Sunday, July 12, 2009

Music Videos...

In the wake of Michael Jackson's death, I was going to discuss what has happened to music videos and why it appears that they're dying when all of the sudden, really good music videos have recently emerged.

Music videos used to make or break an artist. Throughout the 80s, 90s and early 2000s, many were these flashy productions that normally cost endless amounts of money.

Nowadays, the event that used to be the music video is not anymore. Many videos nowadays are simply performance videos. I want to go back to a time when music videos were creative and groundbreaking all of the time.

That being said, there are three videos that I've seen recently that still give me hope that music videos are still alive and well.

Seether's Careless Whisper (directed by Tony Petrossian)-Tony Petrossian is one of my favorite directors currently. He's directed videos such as Stone Sour's Through Glass, Rise Against's Prayer of the Refugee, and Serj Tankian's Empty Walls. He may be very political, but the way that he's done it is always creative. In this particular case, he uses the 80s and tries to tie it in with what's going on in the world today through an Atari-esque video game featuring the band.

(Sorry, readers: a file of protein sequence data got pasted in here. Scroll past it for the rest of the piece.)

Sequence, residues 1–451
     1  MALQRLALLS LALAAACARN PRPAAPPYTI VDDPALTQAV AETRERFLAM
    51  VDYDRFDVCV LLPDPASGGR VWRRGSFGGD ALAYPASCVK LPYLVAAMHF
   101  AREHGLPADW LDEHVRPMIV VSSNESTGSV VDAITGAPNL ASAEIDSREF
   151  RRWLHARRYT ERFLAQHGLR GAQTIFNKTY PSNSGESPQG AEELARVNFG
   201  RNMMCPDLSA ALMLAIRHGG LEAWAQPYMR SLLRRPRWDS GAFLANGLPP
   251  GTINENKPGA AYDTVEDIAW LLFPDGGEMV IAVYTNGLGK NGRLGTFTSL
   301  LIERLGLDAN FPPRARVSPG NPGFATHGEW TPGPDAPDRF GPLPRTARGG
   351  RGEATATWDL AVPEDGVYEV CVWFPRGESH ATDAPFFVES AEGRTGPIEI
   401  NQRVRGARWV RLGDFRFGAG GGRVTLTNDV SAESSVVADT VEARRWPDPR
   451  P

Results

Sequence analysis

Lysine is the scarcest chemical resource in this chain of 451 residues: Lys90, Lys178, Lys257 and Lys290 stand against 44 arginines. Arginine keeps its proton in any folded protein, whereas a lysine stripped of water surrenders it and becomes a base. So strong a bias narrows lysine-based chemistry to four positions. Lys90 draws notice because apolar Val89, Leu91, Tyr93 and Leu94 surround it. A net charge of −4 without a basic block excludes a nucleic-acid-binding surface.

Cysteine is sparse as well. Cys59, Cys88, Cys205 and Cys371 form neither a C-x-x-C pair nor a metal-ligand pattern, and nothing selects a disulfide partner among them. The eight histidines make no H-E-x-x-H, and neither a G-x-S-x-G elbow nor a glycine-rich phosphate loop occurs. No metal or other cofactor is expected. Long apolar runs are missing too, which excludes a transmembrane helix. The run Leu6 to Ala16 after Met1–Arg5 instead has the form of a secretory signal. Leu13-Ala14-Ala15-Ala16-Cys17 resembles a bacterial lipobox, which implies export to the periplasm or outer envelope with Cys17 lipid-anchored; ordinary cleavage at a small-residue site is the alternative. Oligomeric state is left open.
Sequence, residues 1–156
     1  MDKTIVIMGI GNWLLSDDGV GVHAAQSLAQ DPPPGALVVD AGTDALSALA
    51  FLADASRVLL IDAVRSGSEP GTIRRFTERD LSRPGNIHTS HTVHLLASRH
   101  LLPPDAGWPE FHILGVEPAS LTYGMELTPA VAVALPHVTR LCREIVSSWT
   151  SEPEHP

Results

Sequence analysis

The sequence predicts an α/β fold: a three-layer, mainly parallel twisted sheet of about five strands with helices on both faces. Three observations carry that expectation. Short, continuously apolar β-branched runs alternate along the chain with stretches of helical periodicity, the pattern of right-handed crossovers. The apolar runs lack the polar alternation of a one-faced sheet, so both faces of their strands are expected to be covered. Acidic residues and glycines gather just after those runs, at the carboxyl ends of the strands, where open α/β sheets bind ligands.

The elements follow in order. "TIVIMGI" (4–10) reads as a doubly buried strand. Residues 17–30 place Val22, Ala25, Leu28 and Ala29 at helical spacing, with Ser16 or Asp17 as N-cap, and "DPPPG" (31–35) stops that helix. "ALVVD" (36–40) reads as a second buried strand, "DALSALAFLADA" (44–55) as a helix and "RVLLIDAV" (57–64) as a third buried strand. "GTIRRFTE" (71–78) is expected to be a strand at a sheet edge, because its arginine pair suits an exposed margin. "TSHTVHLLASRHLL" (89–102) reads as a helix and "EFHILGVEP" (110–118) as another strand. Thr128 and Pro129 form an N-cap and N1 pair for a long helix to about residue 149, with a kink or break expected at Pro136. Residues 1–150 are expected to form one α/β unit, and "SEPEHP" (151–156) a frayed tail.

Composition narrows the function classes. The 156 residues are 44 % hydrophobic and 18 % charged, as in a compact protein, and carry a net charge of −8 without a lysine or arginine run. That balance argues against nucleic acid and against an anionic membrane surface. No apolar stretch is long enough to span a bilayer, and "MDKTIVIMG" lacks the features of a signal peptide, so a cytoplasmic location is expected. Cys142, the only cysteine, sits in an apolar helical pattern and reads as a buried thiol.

Framing Hanley's Hear Me Now (directed by Mason Dixon)-Mason Dixon has directed all of Framing Hanley's music videos and this is the second version of Hear Me Now. I like that this video takes more of a literal approach to the first one. It's dark, but very sexy. You could say that this video's built for sin (HA!). Jimmy Swaggart never sinned this badly.

Alice in Chains' A Looking in View (directed by Stephen Schuster)-Easily my favorite video of the year thus far and it has nothing to do with the nudity. This conjures up bad memories of the Tool videos I watched when I was younger. Except, whereas those videos were more sublime, there was a realness that made this particular video more disturbing. It kind of reminded me of the movie Requiem for a Dream. There was simulated child abuse, simulated rape, an implied suicide attempt, and a simulated drowning all within seven minutes. As crazy as it may sound, this is what music videos are all about. That video set the tone of the song and vice versa. I guarantee you won't be seeing that video anywhere near television anytime soon. 

No comments: